Advocates for RTW say that some unions monopolize particular sectors in some unions, thus affecting certain industry sectors. Also, a big part of the collected dues from members are given to politicians for endorsements and in return they give their support to the unions and not necessarily the members benefiting from this. In the states with RTW laws, this occurrence will be reduced since employees will not be forced to pay dues they don’t agree to. Lesser union members mean lesser dues collected. In the end, politicians will not have a reason to favor selected unions just so they can get election money.

List of Cons of Right to Work

1. RTW laws result to fewer union membership turnouts which can affect workers.
Critics oppose Right-to-Work laws because of the effect on union memberships. They say that unions exist for the purpose of negotiating in behalf of the American workers who can be unlawfully terminated, forced to work with poor working conditions and agree to accept low wages to keep their employment. If union membership will be voluntary, there might not a union in most industries after all. Opponents argue that if this happens, employees will have no representation and negotiators. They will not be able to demand for better working conditions and higher salaries which can contribute to poverty in the community.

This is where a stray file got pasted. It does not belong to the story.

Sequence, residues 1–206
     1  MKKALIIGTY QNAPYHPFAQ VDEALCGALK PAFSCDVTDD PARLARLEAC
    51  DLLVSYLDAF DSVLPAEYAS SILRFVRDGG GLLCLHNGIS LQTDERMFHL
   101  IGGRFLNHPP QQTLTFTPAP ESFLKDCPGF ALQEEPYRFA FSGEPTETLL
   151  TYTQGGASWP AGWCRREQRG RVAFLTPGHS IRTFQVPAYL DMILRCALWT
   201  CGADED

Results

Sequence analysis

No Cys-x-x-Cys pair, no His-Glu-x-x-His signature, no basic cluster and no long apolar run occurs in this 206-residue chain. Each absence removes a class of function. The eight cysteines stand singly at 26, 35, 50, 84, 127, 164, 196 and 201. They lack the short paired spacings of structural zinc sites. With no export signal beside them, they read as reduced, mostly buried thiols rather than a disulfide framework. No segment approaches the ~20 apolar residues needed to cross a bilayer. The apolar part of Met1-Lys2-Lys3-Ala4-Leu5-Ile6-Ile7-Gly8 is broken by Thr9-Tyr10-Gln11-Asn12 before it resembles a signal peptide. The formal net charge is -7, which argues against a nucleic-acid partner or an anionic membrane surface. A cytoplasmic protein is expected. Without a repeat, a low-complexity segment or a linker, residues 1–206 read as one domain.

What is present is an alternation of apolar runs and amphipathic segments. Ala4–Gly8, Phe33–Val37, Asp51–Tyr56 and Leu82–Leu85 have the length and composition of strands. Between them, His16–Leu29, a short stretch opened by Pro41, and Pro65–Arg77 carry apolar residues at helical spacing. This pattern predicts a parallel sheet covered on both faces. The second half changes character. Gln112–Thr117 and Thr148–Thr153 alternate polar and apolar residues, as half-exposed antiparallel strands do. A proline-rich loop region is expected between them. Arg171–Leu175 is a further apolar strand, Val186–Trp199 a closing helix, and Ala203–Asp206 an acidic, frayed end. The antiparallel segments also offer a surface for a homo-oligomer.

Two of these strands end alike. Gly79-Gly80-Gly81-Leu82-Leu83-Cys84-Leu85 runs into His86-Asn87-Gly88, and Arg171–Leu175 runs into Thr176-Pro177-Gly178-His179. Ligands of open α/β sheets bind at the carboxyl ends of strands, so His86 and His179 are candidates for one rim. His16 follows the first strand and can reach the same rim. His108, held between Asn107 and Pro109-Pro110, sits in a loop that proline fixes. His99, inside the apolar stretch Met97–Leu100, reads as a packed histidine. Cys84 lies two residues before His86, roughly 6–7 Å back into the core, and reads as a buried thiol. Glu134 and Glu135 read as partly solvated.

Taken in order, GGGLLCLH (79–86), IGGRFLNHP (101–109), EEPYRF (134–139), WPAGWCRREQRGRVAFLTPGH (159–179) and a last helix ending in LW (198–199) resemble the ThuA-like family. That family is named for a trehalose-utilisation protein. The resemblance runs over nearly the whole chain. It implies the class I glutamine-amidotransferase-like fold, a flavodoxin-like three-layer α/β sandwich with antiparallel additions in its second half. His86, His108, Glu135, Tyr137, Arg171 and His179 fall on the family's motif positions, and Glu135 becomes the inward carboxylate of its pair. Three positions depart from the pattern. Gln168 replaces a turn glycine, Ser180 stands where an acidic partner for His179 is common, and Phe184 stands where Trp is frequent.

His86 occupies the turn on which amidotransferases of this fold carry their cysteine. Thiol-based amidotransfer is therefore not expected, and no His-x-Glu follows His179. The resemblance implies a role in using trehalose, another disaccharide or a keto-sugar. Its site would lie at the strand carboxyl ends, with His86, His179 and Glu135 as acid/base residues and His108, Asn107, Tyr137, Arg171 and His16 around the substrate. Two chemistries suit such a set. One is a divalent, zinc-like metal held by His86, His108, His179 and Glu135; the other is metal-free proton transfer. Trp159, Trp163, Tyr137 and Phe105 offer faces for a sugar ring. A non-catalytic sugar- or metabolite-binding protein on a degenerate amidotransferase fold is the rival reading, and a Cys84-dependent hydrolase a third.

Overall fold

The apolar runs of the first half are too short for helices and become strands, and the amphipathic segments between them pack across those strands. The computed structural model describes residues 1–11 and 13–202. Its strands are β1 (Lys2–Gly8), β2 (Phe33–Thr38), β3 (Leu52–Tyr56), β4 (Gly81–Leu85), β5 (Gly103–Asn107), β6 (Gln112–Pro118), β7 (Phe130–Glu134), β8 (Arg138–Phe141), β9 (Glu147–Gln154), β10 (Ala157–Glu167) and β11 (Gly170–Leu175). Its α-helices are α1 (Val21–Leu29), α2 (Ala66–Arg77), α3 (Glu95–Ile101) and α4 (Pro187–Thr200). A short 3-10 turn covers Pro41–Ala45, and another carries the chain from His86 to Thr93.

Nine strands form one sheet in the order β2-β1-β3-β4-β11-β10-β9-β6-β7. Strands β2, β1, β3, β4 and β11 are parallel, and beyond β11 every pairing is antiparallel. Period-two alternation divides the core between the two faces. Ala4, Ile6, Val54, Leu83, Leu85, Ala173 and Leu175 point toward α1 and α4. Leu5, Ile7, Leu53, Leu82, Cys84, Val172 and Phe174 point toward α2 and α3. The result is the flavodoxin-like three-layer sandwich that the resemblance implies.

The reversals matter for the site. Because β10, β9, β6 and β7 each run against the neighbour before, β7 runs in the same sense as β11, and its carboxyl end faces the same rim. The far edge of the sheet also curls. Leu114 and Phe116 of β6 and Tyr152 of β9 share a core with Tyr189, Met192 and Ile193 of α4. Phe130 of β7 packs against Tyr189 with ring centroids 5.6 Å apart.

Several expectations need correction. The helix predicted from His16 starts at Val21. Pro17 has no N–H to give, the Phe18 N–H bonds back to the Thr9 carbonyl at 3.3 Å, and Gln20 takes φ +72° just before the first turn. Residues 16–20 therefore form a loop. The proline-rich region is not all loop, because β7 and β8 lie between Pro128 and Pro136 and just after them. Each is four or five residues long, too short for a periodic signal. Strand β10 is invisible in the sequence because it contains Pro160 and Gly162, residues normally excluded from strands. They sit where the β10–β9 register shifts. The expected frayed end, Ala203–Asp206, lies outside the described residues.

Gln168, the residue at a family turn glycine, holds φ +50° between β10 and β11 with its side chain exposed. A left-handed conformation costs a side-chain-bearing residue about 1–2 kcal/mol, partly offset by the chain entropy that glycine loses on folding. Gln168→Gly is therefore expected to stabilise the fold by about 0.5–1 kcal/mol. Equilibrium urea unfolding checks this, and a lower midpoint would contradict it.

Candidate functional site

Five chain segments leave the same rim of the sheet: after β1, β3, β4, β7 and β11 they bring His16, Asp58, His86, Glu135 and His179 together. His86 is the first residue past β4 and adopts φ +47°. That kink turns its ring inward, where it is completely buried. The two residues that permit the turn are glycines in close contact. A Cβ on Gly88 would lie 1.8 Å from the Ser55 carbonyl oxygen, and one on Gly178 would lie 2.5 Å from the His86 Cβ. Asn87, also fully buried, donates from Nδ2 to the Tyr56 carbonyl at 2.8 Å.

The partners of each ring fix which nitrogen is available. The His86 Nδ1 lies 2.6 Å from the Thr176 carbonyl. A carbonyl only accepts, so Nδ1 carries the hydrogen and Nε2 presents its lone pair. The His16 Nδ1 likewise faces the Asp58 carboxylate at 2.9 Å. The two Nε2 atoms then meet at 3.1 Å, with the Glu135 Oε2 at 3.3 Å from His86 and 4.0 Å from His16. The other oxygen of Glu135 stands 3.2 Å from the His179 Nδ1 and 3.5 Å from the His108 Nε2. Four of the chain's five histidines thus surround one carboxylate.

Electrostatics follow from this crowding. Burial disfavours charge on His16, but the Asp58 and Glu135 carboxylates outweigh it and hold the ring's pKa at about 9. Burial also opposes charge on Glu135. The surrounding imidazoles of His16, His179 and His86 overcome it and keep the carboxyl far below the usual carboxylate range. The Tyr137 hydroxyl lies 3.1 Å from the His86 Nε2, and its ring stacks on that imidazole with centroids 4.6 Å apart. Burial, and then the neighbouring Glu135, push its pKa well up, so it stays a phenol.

2. The decline of union states resulted to inadequate or no health care coverage.
Anti-RTW groups have also mentioned on the effect of the increasing number of RTW states with regard to healthcare. With more and more employees choosing not to be members of unions, they will be on their own. Unions have been instrumental in pushing for better health care coverage for workers as well as higher pay and other benefits. The fact that states with Right-to-Work laws have workers with lesser wages is evidence that this is not beneficial to most of the working people of America. Critics also are firm in saying unemployment rate is higher in states with RTW as well as higher percentage of fatal workplace accidents.

3. It allows non-members to get benefits for free.
Opponents of the RTW law are not happy with the fact that employees who are not paying dues enjoy the same benefits paying union members get. Unions will be the ones negotiating and working for higher salaries, better working conditions and expanded benefits. With the existence of RTW, labor organizations which have fought for employees’ rights might be dismantled and such occurrence can result to lower wages and lesser benefits for the workforce.


The ongoing debate on the Right-to-Work legislation will always be present between supporters and critics. Although it gives employees the freedom to decide for themselves, labor activists and union workers are not happy about this. With the two sides having valid arguments, it would be difficult to discern which side of the fence is better.

Author Bio
Natalie Regoli is a child of God, devoted wife, and mother of two boys. She has a Master's Degree in Law from The University of Texas. Natalie has been published in several national journals and has been practicing law for 18 years.